Predictors of poor adherence among people on antiretroviral treatment in Cape Town, South Africa: A case-control study
Published Date:Jan 03 2015
Source:AIDS Care. 27(3):342-349.
Health Services Needs And Demand
Predictors Of Adherence
Pubmed Central ID:PMC4563873
Funding:R24 AA022919/AA/NIAAA NIH HHS/United States
R24 HD041020/HD/NICHD NIH HHS/United States
U2G PS001137/PS/NCHHSTP CDC HHS/United States
U2G/PS001137-04/PS/NCHHSTP CDC HHS/United States
Description:A case-control study was conducted to describe the frequency with which structural- and individual-level barriers to adherence are experienced by people receiving antiretroviral (ARV) treatment and to determine predictors of non-adherence. Three hundred adherent and 300 non-adherent patients from 6 clinics in Cape Town completed the LifeWindows Information-Motivation-Behavioral Skills ART Adherence Questionnaire, the Substance Abuse and Mental Illness Symptoms Screener and the Structural Barriers to Clinic Attendance (SBCA) and Medication-taking (SBMT) scales. Overall, information-related barriers were reported most frequently followed by motivation and behaviour skill defects. Structural barriers were reported least frequently. Logistic regression analyses revealed that gender, behaviour skill deficit scores, SBCA scores and SBMT scores predicted non-adherence. Despite the experience of structural barriers being reported least frequently, structural barriers to medication-taking had the greatest impact on adherence (OR: 2.32, 95% CI: 1.73 to 3.12), followed by structural barriers to clinic attendance (OR: 2.06, 95% CI: 1.58 to 2.69) and behaviour skill deficits (OR: 1.34, 95% CI: 1.05 to 1.71). Our data indicate the need for policy directed at the creation of a health-enabling environment that would enhance the likelihood of adherence among antiretroviral therapy users. Specifically, patient empowerment strategies aimed at increasing treatment literacy and management skills should be strengthened. Attempts to reduce structural barriers to antiretroviral treatment adherence should be expanded to include increased access to mental health care services and nutrition support.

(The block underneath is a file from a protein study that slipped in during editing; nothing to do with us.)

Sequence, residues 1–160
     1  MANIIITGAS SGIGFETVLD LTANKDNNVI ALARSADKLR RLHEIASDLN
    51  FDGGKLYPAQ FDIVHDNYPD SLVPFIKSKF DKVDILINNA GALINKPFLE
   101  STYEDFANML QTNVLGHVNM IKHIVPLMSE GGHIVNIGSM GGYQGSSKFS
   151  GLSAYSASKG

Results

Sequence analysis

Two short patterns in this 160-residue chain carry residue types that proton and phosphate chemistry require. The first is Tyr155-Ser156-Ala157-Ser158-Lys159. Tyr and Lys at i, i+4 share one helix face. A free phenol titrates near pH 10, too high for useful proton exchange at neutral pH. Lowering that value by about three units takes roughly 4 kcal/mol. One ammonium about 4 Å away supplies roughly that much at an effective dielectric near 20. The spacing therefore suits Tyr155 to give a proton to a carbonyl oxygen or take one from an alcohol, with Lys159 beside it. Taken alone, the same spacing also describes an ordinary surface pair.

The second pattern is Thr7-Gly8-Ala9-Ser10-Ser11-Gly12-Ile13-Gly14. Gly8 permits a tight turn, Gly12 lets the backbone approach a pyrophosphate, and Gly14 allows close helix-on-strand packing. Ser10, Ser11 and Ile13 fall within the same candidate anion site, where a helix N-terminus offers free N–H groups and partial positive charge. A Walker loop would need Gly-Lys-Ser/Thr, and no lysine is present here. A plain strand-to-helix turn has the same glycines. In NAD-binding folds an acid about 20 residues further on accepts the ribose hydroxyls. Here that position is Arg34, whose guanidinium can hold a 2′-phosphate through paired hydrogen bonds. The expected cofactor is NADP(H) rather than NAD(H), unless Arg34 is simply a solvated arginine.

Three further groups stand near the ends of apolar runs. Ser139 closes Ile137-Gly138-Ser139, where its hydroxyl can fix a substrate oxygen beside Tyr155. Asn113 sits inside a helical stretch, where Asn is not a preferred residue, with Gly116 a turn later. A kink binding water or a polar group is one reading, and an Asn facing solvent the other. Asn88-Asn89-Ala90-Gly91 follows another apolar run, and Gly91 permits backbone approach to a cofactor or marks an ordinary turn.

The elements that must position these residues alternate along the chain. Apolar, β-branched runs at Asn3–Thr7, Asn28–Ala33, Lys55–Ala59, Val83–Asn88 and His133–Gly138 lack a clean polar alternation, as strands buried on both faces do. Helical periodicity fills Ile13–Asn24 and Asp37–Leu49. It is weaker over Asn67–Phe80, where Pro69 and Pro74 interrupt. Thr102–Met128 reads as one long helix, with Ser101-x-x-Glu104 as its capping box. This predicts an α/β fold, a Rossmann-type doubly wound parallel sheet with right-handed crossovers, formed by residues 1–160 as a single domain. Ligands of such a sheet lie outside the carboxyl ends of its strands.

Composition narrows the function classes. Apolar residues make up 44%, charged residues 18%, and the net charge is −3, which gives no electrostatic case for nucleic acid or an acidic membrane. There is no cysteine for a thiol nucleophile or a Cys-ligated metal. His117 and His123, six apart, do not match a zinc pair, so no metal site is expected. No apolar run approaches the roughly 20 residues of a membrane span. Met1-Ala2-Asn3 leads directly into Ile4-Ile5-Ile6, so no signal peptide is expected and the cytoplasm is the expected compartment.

You May Also Like: